Columbia University

Faculty of Arts and Sciences

Leave and Top-up Policy

Below are pdfs which provide an overview of the most important details of the policies governing the terms of leaves for full-time tenured professorial and non-tenured professorial rank faculty in the Arts & Sciences. More detailed information is available in the Provost’s Faculty Handbook (available on-line at http://www.columbia.edu/cu/vpaa/fhb/).

Specific questions about leave policies and process may be addressed to

-       Michael Susi, Assistant Vice President for Academic Affairs (mvs3@columbia.edu ; 212-854-6106),

-       Jessie Tong, Assistant Director of Academic Affairs (jt2622@columbia.edu; 212-851-0755), or

-       Joseph Werst, Director, Academic Appointments and Payroll (jw19@columbia.edu ;212-854-6110)

The President has delegated to the Provost the power to grant leaves of absence for reasonable cause and for such length of time as he judges the occasion may require.

The primary objective of the University’s policies on leaves is to free its academic officers from their normal duties to conduct research, write, or otherwise engage in scholarly or professional activity. There are three types of faculty leaves for scholarly and professional purposes: sabbaticals (for faculty with tenure), research leaves with or without salary, and exemptions from teaching duties. In addition, faculty are given leaves for medical reasons, child care, military or public service, and compelling personal need.

Leaves contribute to the University’s dual mission of research and education by allowing faculty to pursue their scholarly goals and acquire knowledge that makes them better teachers. With the exception of sabbaticals and junior faculty development leaves, however, leaves for scholarly purposes are not an entitlement. They are granted at the discretion of the Provost on assurance from the department or school that they will not interfere with the staffing of its curricular obligations. If the number of faculty interested in taking leaves compromises the ability of a department or school to meet its responsibilities, the chair or Executive Vice President for Arts and Sciences may require some to defer their proposed leaves until a later time. In such cases, sabbaticals and junior faculty development leaves are given priority over other types of leaves.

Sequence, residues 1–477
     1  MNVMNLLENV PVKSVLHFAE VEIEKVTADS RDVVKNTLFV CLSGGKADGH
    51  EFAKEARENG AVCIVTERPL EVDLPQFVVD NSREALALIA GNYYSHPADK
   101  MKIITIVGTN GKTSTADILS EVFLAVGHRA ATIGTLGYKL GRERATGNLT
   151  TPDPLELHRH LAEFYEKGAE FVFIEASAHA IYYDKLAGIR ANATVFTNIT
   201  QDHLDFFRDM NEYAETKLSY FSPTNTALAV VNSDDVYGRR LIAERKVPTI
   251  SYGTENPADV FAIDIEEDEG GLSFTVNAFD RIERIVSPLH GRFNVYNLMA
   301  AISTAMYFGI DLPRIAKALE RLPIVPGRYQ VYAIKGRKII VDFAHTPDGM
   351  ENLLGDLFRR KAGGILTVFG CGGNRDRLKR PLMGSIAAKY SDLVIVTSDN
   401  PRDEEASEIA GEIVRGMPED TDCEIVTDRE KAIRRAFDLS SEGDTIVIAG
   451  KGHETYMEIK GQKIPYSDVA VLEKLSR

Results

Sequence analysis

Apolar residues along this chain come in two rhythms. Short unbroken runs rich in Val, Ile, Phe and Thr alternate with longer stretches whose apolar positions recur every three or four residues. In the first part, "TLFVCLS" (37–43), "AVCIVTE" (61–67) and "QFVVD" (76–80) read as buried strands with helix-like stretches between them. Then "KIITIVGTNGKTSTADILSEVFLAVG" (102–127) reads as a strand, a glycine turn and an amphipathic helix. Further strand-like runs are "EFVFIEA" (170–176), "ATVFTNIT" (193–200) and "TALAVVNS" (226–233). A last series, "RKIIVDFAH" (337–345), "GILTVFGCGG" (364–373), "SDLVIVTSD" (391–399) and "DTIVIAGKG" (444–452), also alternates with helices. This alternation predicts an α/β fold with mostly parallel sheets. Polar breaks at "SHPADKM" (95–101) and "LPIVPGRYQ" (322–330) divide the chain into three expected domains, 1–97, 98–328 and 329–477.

Leaves of absence for scholarly purposes, and exemptions from teaching duties normally correspond to an academic term or year. The University also seeks to coordinate child care and public service leaves with the academic calendar. Other types of leave – medical, military, and for compelling personal reasons – may begin and end on other dates.

Most leaves are authorized for no more than one year at a time, but the Provost may approve a second consecutive year on the recommendation of the Executive Vice President for Arts and Sciences. Faculty normally may be on leave for a maximum of two consecutive years. Further extensions are rarely given, except in the case of long-term leaves for medical reasons or military service.

Faculty, with certain exceptions described below, are expected to return to the University for at least one year of full-time service after a leave of absence. Those who do not return after a leave with salary are expected to reimburse the University for its cost. The Provost may waive these requirements on the recommendation of the Executive Vice President.

All faculty are expected to be in residence for at least two years of full-time service between leaves of any kind. Exceptions to these provisions require the approval of the Executive Vice President and the Provost.

IMPORTANT NOTICE ABOUT BENEFITS: Leaves may affect an officer’s benefits, depending upon the terms of the benefits program, the amount of base salary the individual receives, and whether the period of absence can be classified as a leave under the Family and Medical Leave Act of 1993. Faculty may consult Michael Susi or Joey Werst about the Arts and Sciences policy for junior faculty leave benefits and a counselor in Human Resources for detailed information about their benefits while they are on leave.  This is especially important in the case of leaves without pay.arch Administration and Assistant Provost for Academic Appointments.